What are you working on at the moment?
Mixing a song for Big Tray Dee (of Snoop's Eastsidaz) for his next album.
Is there anyone on SoundBetter you know and would recommend to your clients?
Not anyone who is better than me, nope! =)
Analog or digital and why?
Analog *AND* digital. For obvious reasons.
What's your 'promise' to your clients?
On mastering, it's that you'll "Love it, or your money back!". For mixing, it's that I bring a lot to the table and you've chosen me because you know and love my work and with that, if I didn't turn down your project, then I'm excited to work on it and I'm ALL IN!
What do you like most about your job?
Setting my own hours! Seriously! Would you want me working on your project at a time when I HAVE to rather than a time when I WANT to? I try to maintain a healthy work-life balance and focus on doing projects during my most productive times of the day.
What questions do customers most commonly ask you? What's your answer?
Can I mix a song that has a 2 track instrumental with vocals laid over? The answer is yes, but it will almost ALWAYS limit the sonic potential of the track. Even if it was mixed exceptionally well, it still may not be perfectly suited for your voice. Many producers are great at making music but they're not experts at engineering so if you're serious about your craft, pay the extra to get the track-outs from them. Otherwise you're already at a disadvantage out of the gate.
What's the biggest misconception about what you do?
That it's easy or fast. I've been doing this for more than 25 years and still learn new things all the time.
What questions do you ask prospective clients?
I generally just ask to hear a couple tracks - rough mixes, so I can get an idea of their sound and if it's something I think I'm a good fit for. It's not uncommon for me turn down a project if I don't think I'm the right guy for the job. Honestly, you want to hire an engineer who is passionate about your music, otherwise they won't be able to give you 100%.
What advice do you have for a customer looking to hire a provider like you?
Get to know my sound. That should be extremely high on your list - finding an engineer who's a good match for your style of music and production. There's 1000's of us to choose from, so if you choose ME, it should be because you like sonic signature I put on my product.
If you were on a desert island and could take just 5 pieces of gear, what would they be?
1) A power generator. How are you going to run any equipment without electricity? =)
2) Pro Tools with a UAD Apollo interface.
3) 500 Series Lunchbox with Shadow Hills modules.
4) Analog Design's Black Box HG-2.
5) Ultrasone 550 headphones.
What was your career path? How long have you been doing this?
I took an interest in drums at age 4, was taking apart electronics by age 6 (to see how they made sound), singing, playing piano and sax by the age of 10, buying my first mixer, drum machine and synthesizer by age 13, then hitting Musician's Institute for Keyboards when I graduated high school, followed by graduation from Los Angeles Recording School with honors. From there I began a long run of studio work in the early 90's up to today, cutting my teeth on a Neve V3 console and 24 track tape to where I am now with a hybrid setup and DAW.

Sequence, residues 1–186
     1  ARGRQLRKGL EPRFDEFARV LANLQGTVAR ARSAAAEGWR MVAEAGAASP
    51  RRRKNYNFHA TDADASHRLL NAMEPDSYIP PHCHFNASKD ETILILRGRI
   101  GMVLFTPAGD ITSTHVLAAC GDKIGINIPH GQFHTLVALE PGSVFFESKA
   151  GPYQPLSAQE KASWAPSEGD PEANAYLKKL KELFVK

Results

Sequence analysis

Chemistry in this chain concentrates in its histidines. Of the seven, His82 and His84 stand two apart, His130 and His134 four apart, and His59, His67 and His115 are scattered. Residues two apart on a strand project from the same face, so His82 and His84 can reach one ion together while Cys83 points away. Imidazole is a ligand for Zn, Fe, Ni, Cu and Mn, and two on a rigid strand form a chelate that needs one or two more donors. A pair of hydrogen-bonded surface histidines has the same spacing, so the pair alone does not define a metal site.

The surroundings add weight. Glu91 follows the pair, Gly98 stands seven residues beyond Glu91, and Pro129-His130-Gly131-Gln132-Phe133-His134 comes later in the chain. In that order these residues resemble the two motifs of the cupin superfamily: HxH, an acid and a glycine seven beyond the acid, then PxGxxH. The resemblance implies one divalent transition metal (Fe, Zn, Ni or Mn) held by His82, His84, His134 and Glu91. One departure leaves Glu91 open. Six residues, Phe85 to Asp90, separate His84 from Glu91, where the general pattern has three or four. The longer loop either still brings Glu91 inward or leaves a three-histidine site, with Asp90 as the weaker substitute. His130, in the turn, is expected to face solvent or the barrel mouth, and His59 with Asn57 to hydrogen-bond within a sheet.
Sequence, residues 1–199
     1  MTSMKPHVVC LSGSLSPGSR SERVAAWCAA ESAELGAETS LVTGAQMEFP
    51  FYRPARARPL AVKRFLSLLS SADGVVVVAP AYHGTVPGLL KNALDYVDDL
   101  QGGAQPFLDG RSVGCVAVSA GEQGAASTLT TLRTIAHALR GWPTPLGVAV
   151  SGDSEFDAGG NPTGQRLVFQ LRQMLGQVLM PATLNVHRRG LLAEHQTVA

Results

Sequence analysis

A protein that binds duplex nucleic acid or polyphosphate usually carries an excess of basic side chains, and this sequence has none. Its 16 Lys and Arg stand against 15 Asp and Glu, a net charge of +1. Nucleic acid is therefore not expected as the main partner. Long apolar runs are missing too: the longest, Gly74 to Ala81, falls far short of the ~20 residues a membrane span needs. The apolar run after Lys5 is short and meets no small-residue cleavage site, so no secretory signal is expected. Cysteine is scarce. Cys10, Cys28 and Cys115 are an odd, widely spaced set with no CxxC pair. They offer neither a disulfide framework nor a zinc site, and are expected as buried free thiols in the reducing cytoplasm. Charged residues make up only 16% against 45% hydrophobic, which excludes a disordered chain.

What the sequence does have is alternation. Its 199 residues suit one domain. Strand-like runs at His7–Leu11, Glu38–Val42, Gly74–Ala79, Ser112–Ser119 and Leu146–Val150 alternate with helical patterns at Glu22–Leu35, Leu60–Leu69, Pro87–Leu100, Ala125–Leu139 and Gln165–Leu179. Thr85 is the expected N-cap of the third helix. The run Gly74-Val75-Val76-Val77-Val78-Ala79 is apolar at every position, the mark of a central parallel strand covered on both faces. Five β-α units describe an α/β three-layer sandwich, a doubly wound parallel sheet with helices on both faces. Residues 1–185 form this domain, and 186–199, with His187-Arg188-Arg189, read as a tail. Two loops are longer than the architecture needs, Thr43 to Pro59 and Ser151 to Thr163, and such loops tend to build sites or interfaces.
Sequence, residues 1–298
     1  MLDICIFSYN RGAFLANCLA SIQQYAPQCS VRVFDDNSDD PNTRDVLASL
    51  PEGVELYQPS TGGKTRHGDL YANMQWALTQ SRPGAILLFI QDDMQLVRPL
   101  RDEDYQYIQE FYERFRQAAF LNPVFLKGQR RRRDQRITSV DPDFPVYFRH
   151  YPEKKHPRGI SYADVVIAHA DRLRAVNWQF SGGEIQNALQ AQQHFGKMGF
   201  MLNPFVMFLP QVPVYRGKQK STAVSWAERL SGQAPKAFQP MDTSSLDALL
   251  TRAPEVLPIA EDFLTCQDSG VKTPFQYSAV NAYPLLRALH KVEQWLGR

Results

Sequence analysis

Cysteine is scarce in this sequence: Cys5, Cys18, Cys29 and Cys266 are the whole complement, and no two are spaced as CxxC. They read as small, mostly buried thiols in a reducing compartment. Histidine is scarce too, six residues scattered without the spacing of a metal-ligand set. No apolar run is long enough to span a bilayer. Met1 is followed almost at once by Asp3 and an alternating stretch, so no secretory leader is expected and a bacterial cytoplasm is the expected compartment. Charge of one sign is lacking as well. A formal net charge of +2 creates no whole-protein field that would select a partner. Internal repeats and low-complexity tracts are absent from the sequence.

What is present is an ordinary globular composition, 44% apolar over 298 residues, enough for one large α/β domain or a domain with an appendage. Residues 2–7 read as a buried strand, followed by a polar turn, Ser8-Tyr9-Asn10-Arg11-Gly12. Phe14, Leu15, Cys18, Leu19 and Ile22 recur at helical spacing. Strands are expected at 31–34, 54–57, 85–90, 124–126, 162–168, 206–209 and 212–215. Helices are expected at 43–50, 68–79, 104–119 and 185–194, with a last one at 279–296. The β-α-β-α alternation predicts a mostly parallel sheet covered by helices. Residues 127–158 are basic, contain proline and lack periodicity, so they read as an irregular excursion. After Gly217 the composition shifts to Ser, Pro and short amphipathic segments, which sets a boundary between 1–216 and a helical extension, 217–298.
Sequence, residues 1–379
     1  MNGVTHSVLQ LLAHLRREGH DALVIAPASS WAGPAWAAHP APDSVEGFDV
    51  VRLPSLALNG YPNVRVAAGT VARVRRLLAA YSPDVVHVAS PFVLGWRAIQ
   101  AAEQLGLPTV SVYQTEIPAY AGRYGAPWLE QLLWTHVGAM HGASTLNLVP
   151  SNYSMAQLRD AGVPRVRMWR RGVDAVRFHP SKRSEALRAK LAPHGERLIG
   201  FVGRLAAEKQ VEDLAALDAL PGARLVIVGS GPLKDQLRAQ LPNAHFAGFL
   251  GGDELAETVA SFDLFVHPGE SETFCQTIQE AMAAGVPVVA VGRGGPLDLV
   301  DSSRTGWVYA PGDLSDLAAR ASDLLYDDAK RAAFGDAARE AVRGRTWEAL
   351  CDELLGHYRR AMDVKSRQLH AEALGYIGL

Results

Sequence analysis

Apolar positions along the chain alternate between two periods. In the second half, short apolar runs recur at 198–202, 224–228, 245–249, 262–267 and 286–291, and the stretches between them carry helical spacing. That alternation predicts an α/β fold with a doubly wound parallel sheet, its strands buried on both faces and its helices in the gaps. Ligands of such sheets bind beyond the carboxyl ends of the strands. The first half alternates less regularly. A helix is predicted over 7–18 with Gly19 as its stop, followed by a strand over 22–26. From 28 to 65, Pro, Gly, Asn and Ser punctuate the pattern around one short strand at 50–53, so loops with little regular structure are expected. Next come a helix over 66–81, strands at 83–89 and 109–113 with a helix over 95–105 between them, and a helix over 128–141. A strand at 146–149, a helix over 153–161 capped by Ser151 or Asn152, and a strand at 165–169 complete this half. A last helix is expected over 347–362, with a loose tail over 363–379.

How would you describe your style?
Aggressive, punchy and colored.
Which artist would you like to work with and why?
Kendrick Lamar or any of the TDE artists. They're on that next level.
Can you share one music production tip?
Yes. Pultec EQ is generally awesome on kicks, snares and synth basses.
What type of music do you usually work on?
Rap, Hip Hop, and some EDM.
What's your strongest skill?
Making the low end on mixes have authority. Rap and Hip Hop REQUIRE this to be effective contenders.
What do you bring to a song?
I am musically, as well as technically, trained so I understand both harmony, melody and rhythm as well as understanding frequency, dynamics and signal processing.
What's your typical work process?
I'm really flexible for mixing sessions. I mix in Pro Tools and master in Wavelab. I am a proponent of not doing both processes to the same song if it's going to be included in an album, but generally when I master my own mixes, they're suitable for promotion, marketing and even sales as a single.
Tell us about your studio setup.
I use a hybrid approach that includes both outboard gear and a carefully selected set of plugins. Everything I own has been specifically selected to add value to the rig.
What other musicians or music production professionals inspire you?
I really like Derek Ali as an engineer. He does fantastic work and really embraces large format analog console mixing with tons of outboard gear which, without getting into an analog vs. digital debate, is a very cool process on it's own. Kendrick Lamar's last two albums are some of my favorite albums to listen to and reference with.
Describe the most common type of work you do for your clients.
I tend to do a lot of single or EP mastering for clients, but I really love to sink my teeth into a heavy mix if it slaps, grooves and has soul.